Are you the kind of person who might be better going round schools giving talks, or doing stand-up comedy in a science festival? Do you want to be a podcaster, a blogger, a vlogger, a YouTuber?”


    Finally, Ferris Jabr tells Amer about his work as a science writer and author, and his forthcoming book about the co-evolution of earth and life.
     
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    • 23 min
    Coronavirus conversations: Science communication during a pandemic

    Coronavirus conversations: Science communication during a pandemic

    Do researchers and frontline clinicians have a moral obligation to communicate science around the coronavirus?


    In the second episode of this six-part Working Scientist podcast series about science communication, Pakinam Amer explores crisis communication and asks how well researchers have explained the underlying uncertainties to the public.


    Epidemiologist Sandro Galea, dean of Boston University's school of public health, says academic researchers have three roles, to generate scholarship and science, to teach that science to students, and to clearly translate it for a general audience.


    “Our job is to help the world see how we can bridge the science to the very real practical decisions that the world has to make to create a healthier world,” he says.


    But how is science communication evolving during the pandemic? “We are entering a new era. We need a new playbook for communicating science in a time of uncertainty, and how policy can be informed by uncertain science. We have not done that well,” he tells her.


    “There has been this mismatch between what we do not know and our capacity to communicate what we do not know, and to inform policy that needs to be made anyway. Those have been glaring gaps in my assessment.”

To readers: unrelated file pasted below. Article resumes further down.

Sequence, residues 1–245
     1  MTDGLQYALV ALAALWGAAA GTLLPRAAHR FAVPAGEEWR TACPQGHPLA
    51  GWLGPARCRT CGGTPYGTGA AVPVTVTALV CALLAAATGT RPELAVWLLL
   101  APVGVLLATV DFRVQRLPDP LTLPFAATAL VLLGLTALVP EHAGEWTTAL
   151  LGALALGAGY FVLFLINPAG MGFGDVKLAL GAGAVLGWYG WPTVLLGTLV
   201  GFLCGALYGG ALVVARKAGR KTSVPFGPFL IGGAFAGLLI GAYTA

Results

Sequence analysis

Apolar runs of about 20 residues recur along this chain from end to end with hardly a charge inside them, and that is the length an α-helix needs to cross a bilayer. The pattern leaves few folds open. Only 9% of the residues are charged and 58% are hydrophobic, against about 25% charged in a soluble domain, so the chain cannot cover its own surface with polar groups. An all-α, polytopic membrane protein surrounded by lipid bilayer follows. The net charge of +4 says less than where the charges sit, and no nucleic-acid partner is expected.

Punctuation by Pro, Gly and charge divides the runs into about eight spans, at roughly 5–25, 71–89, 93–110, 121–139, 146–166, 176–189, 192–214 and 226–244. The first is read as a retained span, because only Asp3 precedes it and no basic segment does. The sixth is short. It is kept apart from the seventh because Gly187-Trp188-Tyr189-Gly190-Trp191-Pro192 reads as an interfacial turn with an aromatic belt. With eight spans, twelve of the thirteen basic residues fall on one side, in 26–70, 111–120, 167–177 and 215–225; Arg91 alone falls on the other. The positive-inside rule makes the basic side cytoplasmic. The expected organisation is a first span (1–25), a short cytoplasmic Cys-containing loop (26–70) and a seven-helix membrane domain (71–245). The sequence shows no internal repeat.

Ron Daniels, a critical care consultant at University Hospitals Birmingham NHS Foundation Trust, sees a role for scientists to plug knowledge gaps alongside the understandably “cautious and risk-averse" messages that often emanate from government and professional bodies.


    Daniels produced a short video in response to calls to explain why COVID-19 patients are ventilated on their stomachs, using a simple drawing on a white paper board to explain the underlying physiology.


    “People want to make sensible informed decisions. With a very filtered and controlled flow of information coming from government, which is designed to avoid panic and instil calm, making informed decisions can be challenging.


    “This is not about profile, this is not about gaining followers or scoring points. Usually this should not be about academic argument. This should be around 'I've appraised the evidence, I have a level of expertise, here are my opinions and this is what I think you as a member of the public should do with that information.'”


    What about journalists reporting on the pandemic and busting myths and misinformation? How does their communication role differ from scientists and clinicians on the frontline?